It raises the question as to whether the implied chances of cancer are real or not - or even if they are, whether there's a significant risk even in many of those cases where certain indications of cancer are found.  In his essay "The Picture Problem", Malcolm Gladwell wrote (emphasis mine), "In 1987, pathologists in Denmark performed a series of autopsies of women in their forties who had not been known to have breast cancer when they died of other causes. The pathologists looked at an average of two hundred and seventy-five samples of breast tissue in each case, and found some evidence of cancer—usually DCIS—in nearly forty percent of the women. Since breast cancer accounts for less than four per cent of female deaths, clearly the overwhelming majority of these women, had they lived longer, would never have died of breast cancer."

Forty percent?!  The plot, like the breast tissue, thickens.  Something is clearly not adding up here. 

So anyway, I related these concerns to this new doctor.  I made the observation that I was no longer certain that what my previous health care providers had recommended was really in the best interest of my personal health.  I suspected instead that the protocols had more to do with minimizing liability throughout the entire medical supply chain than in minimizing the risks for me as an individual. 

In response to my question, the doctor directed me to the National Cancer Institute's Breast Cancer Risk Assessment Tool.
Pretty simple, isn't it??  I find it very telling that in the decade that I've been advised to follow standard cancer screening guidelines, not a single health care provider ever volunteered that this government-endorsed tool existed.  I had to ask for it. 

Screengrabbed from this page
That tool is definitely a start, but it's important to note how much personal information it does not capture and incorporate into its risk calculation.  There's no place for entering the amount of exercise a woman does per day, other lifestyle factors, diet, or her body fat percentage.  And in my case, all off those factors depart substantially from the unhealthy American average.  And they all influence the rate of cancer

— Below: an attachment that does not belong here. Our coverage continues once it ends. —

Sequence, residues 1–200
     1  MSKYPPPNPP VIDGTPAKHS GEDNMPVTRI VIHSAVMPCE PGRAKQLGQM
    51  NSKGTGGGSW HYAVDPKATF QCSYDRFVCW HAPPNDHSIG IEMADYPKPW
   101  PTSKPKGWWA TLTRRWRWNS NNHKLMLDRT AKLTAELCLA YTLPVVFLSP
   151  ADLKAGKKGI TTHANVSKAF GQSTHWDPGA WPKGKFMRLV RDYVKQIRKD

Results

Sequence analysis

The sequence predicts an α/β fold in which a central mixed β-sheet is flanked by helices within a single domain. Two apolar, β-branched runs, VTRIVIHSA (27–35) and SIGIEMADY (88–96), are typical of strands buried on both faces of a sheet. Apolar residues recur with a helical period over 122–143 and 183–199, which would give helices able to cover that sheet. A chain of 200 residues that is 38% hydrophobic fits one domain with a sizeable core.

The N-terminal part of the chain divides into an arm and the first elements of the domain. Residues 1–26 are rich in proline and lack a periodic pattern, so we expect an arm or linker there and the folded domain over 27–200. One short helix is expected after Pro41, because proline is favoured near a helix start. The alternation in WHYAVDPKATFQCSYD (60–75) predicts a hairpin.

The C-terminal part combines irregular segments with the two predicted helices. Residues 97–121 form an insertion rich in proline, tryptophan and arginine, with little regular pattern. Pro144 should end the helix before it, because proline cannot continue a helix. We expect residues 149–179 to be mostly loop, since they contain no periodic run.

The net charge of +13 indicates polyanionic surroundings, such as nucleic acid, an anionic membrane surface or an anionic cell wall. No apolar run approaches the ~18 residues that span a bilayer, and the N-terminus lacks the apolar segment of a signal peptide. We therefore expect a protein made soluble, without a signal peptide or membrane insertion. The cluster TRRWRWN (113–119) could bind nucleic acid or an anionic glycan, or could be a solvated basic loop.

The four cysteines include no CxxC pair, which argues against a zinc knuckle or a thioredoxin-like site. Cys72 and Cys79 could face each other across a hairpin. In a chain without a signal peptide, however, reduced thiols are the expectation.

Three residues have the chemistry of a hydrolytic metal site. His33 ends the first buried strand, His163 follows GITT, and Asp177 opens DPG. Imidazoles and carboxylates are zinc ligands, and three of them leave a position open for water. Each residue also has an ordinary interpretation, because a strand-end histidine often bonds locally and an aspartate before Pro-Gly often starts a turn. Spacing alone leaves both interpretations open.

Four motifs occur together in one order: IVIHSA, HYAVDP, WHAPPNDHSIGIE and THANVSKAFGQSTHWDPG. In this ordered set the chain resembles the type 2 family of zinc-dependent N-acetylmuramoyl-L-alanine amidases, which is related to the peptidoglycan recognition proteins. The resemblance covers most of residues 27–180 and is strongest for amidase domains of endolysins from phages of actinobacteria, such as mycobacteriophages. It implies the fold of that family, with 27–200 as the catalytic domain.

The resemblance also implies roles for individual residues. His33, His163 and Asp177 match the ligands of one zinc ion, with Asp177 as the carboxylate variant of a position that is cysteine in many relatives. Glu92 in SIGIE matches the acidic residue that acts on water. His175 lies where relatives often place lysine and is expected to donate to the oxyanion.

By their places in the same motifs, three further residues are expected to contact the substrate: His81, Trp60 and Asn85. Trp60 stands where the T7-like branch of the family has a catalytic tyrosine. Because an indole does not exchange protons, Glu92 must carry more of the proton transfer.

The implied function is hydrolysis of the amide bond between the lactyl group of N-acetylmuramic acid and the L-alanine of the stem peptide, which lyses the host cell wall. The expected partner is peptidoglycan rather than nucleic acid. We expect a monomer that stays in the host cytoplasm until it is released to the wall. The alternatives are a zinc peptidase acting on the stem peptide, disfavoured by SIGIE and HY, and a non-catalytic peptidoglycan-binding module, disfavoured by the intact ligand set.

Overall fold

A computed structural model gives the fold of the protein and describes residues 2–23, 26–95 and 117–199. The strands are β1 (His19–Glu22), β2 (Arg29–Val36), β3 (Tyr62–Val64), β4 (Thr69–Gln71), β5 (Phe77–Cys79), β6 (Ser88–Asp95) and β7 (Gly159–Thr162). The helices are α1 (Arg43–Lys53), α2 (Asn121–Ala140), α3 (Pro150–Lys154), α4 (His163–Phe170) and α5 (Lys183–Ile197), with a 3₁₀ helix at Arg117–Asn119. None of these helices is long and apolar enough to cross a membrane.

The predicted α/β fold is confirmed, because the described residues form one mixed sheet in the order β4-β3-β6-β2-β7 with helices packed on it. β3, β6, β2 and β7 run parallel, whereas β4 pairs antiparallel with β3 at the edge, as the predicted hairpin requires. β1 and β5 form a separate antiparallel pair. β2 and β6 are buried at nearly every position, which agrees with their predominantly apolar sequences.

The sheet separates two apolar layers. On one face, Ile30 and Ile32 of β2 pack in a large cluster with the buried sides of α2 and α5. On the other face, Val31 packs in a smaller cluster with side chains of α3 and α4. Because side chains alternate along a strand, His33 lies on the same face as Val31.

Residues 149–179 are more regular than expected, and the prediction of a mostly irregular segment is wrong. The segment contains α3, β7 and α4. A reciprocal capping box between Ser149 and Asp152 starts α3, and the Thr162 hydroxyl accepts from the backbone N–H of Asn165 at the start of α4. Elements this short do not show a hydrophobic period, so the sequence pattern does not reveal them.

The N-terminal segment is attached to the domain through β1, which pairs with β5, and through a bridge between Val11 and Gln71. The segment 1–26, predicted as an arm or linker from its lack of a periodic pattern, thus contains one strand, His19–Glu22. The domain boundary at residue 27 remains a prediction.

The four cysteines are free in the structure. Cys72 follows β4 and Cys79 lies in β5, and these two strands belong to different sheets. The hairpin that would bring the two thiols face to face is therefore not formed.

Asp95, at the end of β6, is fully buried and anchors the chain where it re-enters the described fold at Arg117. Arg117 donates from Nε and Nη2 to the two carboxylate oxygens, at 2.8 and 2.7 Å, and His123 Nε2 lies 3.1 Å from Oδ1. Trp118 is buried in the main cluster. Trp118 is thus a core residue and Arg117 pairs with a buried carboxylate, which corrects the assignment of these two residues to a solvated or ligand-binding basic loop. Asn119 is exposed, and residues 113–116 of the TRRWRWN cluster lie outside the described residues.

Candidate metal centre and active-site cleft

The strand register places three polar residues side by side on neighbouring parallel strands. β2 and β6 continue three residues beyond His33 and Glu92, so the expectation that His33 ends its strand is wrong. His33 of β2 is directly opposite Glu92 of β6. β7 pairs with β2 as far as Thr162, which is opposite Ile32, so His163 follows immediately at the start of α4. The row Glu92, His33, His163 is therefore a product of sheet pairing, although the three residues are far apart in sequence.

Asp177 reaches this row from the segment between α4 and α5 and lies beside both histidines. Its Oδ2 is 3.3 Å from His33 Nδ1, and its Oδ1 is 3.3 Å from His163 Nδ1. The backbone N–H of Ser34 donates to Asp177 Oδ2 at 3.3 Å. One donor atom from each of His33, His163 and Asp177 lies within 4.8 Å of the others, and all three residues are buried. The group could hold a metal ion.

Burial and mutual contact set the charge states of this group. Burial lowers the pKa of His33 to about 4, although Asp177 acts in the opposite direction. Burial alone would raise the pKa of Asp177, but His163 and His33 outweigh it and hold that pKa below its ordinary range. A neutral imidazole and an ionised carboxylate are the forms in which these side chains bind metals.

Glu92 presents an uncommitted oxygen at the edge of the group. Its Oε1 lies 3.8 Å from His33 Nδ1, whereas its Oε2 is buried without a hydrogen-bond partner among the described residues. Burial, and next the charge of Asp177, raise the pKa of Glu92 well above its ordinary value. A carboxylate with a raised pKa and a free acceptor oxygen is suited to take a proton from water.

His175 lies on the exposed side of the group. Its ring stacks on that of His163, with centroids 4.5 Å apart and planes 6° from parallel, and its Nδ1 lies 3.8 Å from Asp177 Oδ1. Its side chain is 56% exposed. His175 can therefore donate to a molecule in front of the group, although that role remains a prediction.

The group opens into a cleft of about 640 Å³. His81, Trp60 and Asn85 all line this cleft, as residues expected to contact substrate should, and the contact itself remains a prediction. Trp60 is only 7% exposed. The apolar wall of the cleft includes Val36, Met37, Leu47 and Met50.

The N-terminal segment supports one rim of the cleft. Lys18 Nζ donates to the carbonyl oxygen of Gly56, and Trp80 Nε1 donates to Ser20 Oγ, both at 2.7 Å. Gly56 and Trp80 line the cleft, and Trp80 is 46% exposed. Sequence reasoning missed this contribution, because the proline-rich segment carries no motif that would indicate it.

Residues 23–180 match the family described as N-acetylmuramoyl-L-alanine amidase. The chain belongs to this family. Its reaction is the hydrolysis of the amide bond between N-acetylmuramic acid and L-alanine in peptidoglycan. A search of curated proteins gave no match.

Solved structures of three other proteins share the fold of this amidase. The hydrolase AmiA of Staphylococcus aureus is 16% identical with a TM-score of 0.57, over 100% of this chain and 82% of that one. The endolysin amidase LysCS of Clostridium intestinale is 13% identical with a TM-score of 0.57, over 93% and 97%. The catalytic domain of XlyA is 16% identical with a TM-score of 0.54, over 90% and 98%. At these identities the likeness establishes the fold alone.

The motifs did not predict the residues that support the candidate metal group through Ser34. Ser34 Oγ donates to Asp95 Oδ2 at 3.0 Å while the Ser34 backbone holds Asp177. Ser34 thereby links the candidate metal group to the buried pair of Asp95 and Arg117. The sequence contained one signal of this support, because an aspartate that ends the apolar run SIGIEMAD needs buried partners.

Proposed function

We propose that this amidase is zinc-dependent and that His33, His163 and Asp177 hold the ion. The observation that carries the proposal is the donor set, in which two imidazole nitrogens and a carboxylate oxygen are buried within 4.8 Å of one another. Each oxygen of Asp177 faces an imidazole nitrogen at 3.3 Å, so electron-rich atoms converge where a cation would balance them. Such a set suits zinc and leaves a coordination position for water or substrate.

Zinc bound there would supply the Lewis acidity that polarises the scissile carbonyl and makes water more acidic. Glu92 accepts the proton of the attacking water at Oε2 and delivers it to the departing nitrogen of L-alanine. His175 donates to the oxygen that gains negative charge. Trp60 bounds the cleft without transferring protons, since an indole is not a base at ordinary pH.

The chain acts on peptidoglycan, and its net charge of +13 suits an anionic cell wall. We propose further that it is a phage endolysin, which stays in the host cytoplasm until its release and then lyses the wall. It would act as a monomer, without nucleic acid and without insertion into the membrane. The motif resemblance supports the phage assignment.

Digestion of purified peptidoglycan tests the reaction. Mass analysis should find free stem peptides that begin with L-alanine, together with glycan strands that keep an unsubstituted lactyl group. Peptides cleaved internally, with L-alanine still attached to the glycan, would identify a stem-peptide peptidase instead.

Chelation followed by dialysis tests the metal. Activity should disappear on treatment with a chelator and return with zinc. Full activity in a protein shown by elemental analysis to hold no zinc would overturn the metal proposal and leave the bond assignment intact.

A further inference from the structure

Speaking of health, I've got a new cauliflower coming up this morning.  It's still a baby right now (and it's one of the green varieties, which I haven't tried to cultivate before).  I started planting my cruciferous crop earlier this year, hoping to extend the growing range.  So far I've harvested two broccolis, both of which were sweeter than average for reasons unknown to me.
Moral of that story:  Ask questions.  Assume nothing.  There is no substitute for good medical advice as it applies to your specific health situation, but there also is no substitute for your own brain in the process. 

I'll leave you with my favorite Dr. Bortz clip.  It's only three minutes long, and it's much more candid and unscripted than some of the other longevity-promoting material he has produced.  It is the clip in which he makes that memorable statement, "Old people don't need to take a pill - they need to take a walk."  Each one of us must make the best health management decisions we can in collaboration with our doctors, but I think that Dr. Bortz's message is worth contemplating within the greater context of our lives and our society.